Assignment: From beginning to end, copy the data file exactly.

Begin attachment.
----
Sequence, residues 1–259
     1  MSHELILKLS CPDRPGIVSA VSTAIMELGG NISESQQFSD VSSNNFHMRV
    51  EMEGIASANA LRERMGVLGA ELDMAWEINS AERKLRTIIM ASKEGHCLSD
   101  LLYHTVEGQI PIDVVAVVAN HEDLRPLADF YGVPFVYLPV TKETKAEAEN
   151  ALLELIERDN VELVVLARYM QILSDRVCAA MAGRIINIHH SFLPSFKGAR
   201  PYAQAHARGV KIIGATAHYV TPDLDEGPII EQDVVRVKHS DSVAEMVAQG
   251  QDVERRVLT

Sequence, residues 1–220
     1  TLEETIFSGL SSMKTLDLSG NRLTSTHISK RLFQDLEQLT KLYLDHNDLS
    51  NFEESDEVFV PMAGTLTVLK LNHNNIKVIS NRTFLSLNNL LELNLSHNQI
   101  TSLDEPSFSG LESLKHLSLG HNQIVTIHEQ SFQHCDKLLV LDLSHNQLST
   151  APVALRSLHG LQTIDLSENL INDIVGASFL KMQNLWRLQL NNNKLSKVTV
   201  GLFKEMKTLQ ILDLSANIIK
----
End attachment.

Sequence, residues 1–259
     1  MSHELILKLS CPDRPGIVSA VSTAIMELGG NISESQQFSD VSSNNFHMRV
    51  EMEGIASANA LRERMGVLGA ELDMAWEINS AERKLRTIIM ASKEGHCLSD
   101  LLYHTVEGQI PIDVVAVVAN HEDLRPLADF YGVPFVYLPV TKETKAEAEN
   151  ALLELIERDN VELVVLARYM QILSDRVCAA MAGRIINIHH SFLPSFKGAR
   201  PYAQAHARGV KIIGATAHYV TPDLDEGPII EQDVVRVKHS DSVAEMVAQG
   251  QDVERRVLT

Sequence, residues 1–220
     1  TLEETIFSGL SSMKTLDLSG NRLTSTHISK RLFQDLEQLT KLYLDHNDLS
    51  NFEESDEVFV PMAGTLTVLK LNHNNIKVIS NRTFLSLNNL LELNLSHNQI
   101  TSLDEPSFSG LESLKHLSLG HNQIVTIHEQ SFQHCDKLLV LDLSHNQLST
   151  APVALRSLHG LQTIDLSENL INDIVGASFL KMQNLWRLQL NNNKLSKVTV
   201  GLFKEMKTLQ ILDLSANIIK